Allegedly manipulative conservative religious voter guides often get lots of media play. But Religious Left groups publish their own guidance, although for a much smaller potential constituency.
The 1.2 million member United Church of Christ (UCC), whose elites are probably the most left-leaning of all major U.S. denominations, has helpfully composed "Our Faith, Our Hope" guides to direct how liberal Christians should think in politically correct terms about climate controversies, socialized medicine, the U.S. presence in Iraq, immigration and the Welfare State.
Conservative Christian groups typically focus their voter guides on issues to which Christianity has historical teachings, such as marriage and abortion, while often also emphasizing church/state and religious liberty issues. These conservative religionists usually do not spotlight issues emphasized by secular conservative groups, such as tax rates, economic regulation and foreign policy. In contrast, Religious Left voter guides merely echo the refrains of the secular left. How their guides are specifically informed by religious faith is often not clear.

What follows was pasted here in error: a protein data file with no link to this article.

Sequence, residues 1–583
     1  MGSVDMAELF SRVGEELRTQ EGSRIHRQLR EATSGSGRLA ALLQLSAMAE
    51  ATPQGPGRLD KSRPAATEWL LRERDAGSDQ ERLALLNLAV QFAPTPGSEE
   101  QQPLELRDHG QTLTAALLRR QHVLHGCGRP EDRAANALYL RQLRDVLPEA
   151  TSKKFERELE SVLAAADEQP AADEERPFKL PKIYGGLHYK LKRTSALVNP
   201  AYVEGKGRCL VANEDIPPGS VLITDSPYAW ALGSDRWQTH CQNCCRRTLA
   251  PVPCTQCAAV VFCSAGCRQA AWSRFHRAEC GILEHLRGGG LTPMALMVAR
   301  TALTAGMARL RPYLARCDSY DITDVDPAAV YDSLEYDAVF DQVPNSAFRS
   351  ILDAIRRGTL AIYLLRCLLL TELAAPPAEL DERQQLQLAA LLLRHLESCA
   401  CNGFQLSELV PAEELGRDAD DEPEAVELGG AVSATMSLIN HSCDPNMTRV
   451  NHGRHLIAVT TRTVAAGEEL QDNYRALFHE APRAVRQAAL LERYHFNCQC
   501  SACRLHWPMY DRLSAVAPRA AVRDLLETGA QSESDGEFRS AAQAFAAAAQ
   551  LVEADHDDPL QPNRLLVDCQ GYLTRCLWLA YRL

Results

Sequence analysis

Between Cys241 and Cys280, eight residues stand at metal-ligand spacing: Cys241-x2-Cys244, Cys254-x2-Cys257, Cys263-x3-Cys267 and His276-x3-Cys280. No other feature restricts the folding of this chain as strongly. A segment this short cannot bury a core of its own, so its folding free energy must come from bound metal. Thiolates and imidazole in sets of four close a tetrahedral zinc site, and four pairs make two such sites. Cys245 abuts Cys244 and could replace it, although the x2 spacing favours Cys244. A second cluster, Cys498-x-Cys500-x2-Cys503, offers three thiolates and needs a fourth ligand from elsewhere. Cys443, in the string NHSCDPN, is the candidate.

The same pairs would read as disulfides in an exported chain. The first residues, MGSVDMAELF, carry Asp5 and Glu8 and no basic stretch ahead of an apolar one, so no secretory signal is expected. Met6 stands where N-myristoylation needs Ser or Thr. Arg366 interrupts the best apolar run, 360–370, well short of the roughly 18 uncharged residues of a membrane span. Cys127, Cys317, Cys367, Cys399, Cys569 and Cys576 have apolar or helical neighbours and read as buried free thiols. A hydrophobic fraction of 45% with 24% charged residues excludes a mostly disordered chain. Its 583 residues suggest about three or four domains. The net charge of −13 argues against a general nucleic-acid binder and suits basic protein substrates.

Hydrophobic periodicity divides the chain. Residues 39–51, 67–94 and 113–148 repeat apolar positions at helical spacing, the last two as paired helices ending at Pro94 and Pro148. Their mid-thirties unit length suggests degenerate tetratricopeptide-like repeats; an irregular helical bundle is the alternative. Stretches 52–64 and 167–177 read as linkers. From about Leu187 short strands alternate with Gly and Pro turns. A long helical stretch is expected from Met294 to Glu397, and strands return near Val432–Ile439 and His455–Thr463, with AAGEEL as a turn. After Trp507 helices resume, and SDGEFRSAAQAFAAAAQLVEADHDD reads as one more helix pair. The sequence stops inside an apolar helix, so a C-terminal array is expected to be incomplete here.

On Global Warming, the UCC voter guide denounces the U.S. for emitting "almost 25 percent of greenhouse gases" in the world, while asserting that the world's poor will be "greatly impacted because they live on and from lands devastated by climate change." Naturally, the guides does not explain how the world's poor will suffer from the economic strangulation that many Global Warming zealots seek in their quest to save "The Planet."
While admitting possible influence by factors other than climate change, the UCC voter guide apocalyptically claims that 326 "climate disasters" unfolded during the Bush Administration's first term, affecting 262 million people. Additional global heating could displace another 330 million with flooding, while exposing an added 220-400 million people to malaria, the UCC starkly warns.
Climate change, fueled by greenhouse gas emissions, is "established fact," the UCC voter guide insists, while urging church goers to demand that candidates explain how they will better serve "The Planet" than has the Bush Administration. The guide frets over America's "insatiable thirst for fossil fuels," while emphasizing solar energy and hydrogen as potentially magical solutions that are carbon free.